Ascending Toward Links

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Posted on August 04, 2006 11:47 PM in Web Design
Warning: This blog entry was written two or more years ago. Therefore, it may contain broken links, out-dated or misleading content, or information that is just plain wrong. Please read on with caution.

Techcrunch had an interesting post today about a company called Clickdensity that shows a visual heat map of where users are clicking on your website. That is interesting in and of itself, but I took something else away from the post.

In both the example image shown on Techcrunch and the one on Clickdensity, a majority of the heat corresponding to a particular link seems to appear on the bottom half of the target area. Granted, it would probably take a study of hundreds of other heat maps to come to any scientific conclusion, but based on these two examples one could conclude that users are more likely to approach a link from below than from above.

I've never really put much thought into it, but as you scroll down a web page you are moving downward, so it would make sense that a majority of your link clicks would come from below. Taking this into consideration, applications of Fitts' law, such as that of famed web designer Dave Shea, might take a more liberal approach to link padding on the bottom portion of link regions than the top.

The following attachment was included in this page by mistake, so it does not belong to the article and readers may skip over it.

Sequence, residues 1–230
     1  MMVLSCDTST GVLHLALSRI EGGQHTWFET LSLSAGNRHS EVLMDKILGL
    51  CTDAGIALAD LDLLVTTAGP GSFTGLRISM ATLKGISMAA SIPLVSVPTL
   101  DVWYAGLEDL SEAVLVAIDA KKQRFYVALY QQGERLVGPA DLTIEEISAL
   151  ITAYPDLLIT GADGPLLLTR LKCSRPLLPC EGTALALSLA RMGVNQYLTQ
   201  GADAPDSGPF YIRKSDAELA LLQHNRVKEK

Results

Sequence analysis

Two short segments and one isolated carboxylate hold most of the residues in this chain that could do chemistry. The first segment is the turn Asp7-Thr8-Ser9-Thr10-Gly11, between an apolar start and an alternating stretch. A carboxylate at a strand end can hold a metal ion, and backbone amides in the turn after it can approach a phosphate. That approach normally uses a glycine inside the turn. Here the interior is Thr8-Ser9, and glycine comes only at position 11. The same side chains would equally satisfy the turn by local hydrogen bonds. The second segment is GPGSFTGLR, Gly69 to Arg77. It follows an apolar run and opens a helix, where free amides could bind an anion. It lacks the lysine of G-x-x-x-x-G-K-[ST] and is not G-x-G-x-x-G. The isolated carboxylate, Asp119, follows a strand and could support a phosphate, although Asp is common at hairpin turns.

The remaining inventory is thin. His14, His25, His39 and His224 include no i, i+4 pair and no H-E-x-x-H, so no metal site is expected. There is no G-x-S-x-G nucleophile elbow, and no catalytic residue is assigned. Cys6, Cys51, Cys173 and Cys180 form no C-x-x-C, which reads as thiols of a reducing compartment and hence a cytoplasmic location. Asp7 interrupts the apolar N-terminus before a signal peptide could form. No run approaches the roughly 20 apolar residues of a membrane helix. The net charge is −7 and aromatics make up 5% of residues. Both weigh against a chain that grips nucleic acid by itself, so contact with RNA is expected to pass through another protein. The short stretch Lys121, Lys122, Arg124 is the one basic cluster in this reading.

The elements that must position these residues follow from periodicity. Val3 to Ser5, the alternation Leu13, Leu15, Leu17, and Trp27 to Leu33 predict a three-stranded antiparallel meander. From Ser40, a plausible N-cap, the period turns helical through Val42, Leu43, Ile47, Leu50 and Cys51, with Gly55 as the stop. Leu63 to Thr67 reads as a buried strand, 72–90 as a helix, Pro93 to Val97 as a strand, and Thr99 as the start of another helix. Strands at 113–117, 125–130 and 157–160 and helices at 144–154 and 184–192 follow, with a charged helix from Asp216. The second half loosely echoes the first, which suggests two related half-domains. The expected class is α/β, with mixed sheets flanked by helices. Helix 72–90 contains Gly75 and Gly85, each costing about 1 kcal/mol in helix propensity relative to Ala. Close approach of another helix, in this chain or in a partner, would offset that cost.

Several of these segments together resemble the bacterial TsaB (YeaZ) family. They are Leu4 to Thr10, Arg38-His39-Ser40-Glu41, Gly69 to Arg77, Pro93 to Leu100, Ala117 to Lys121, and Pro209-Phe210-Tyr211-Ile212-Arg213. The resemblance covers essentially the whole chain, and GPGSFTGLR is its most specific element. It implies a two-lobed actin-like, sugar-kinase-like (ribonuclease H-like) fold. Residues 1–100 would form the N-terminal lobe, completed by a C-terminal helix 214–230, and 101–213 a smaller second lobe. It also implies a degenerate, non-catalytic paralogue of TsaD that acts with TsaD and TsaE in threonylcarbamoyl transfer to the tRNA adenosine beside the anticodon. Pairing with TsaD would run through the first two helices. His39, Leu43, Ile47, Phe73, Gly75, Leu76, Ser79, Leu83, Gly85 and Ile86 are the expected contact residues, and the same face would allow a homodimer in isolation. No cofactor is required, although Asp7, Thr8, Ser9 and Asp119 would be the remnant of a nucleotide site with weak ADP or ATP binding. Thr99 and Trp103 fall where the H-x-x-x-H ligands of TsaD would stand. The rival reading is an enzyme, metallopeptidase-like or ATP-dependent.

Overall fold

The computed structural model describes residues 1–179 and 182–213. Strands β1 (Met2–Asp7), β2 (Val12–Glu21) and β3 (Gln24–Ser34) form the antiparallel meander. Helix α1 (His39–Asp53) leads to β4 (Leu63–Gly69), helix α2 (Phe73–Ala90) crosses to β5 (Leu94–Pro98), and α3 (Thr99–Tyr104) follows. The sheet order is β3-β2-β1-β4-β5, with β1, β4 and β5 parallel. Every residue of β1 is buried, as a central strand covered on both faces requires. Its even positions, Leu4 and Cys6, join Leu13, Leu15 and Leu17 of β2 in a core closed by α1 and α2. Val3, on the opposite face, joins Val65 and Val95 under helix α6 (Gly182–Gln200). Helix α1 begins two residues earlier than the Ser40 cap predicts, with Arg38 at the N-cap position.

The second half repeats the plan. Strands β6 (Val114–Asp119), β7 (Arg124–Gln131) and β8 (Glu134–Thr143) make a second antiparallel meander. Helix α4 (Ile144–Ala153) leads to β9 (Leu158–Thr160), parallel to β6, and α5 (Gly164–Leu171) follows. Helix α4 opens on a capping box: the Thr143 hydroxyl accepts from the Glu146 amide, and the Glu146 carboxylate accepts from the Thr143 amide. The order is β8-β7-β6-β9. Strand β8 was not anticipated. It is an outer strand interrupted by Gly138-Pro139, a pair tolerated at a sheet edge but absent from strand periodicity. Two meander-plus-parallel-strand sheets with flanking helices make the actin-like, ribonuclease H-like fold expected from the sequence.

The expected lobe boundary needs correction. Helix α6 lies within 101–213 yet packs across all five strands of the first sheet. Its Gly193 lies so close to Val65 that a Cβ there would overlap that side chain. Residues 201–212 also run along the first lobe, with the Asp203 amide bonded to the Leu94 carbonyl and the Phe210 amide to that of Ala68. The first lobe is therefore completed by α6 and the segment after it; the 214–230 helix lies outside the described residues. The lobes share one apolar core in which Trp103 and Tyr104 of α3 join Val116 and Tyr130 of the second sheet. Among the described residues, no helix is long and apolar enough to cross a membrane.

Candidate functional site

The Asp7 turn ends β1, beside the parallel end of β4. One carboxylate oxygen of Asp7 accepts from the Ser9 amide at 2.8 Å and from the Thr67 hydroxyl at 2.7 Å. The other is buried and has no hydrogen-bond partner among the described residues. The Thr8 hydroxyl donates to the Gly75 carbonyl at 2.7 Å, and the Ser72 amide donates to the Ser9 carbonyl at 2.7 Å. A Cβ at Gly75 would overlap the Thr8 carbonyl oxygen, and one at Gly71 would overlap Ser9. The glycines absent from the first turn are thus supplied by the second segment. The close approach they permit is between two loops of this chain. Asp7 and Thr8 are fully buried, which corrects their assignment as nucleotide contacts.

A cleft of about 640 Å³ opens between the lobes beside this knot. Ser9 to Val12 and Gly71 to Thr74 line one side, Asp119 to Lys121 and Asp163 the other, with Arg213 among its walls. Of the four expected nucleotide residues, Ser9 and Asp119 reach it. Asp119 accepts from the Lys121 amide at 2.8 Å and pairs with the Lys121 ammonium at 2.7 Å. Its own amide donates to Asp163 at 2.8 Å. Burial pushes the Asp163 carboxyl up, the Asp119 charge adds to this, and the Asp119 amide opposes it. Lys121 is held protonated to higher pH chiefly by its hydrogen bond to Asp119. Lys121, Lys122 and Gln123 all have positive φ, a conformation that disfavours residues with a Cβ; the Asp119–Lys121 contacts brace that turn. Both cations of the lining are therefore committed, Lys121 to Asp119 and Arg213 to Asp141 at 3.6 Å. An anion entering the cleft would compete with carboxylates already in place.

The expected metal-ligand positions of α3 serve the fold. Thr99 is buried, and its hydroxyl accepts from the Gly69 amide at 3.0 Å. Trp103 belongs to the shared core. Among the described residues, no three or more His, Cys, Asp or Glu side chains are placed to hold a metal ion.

Whether there's any scientific validity to my obvservation or not, it's certainly interesting to think about.

Comments

Sean on August 09, 2006 at 8:09 PM:

Makes sense to me. Usually a read through the whole page, and then go back and click on links that seemed interesting. So 9 times out of 10, I'm coming back-up to links.

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